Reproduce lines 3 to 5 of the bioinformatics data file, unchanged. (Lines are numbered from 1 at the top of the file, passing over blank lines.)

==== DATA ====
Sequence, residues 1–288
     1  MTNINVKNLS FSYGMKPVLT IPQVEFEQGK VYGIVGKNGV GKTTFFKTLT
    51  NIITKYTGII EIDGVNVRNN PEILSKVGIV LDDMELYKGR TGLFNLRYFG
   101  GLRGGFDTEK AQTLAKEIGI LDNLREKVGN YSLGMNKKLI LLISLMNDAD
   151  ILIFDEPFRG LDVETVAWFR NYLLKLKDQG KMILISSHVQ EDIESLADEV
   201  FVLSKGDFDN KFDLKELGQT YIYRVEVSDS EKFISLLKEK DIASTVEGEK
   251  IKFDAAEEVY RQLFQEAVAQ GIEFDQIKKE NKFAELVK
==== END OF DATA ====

    51  NIITKYTGII EIDGVNVRNN PEILSKVGIV LDDMELYKGR TGLFNLRYFG
   101  GLRGGFDTEK AQTLAKEIGI LDNLREKVGN YSLGMNKKLI LLISLMNDAD
   151  ILIFDEPFRG LDVETVAWFR NYLLKLKDQG KMILISSHVQ EDIESLADEV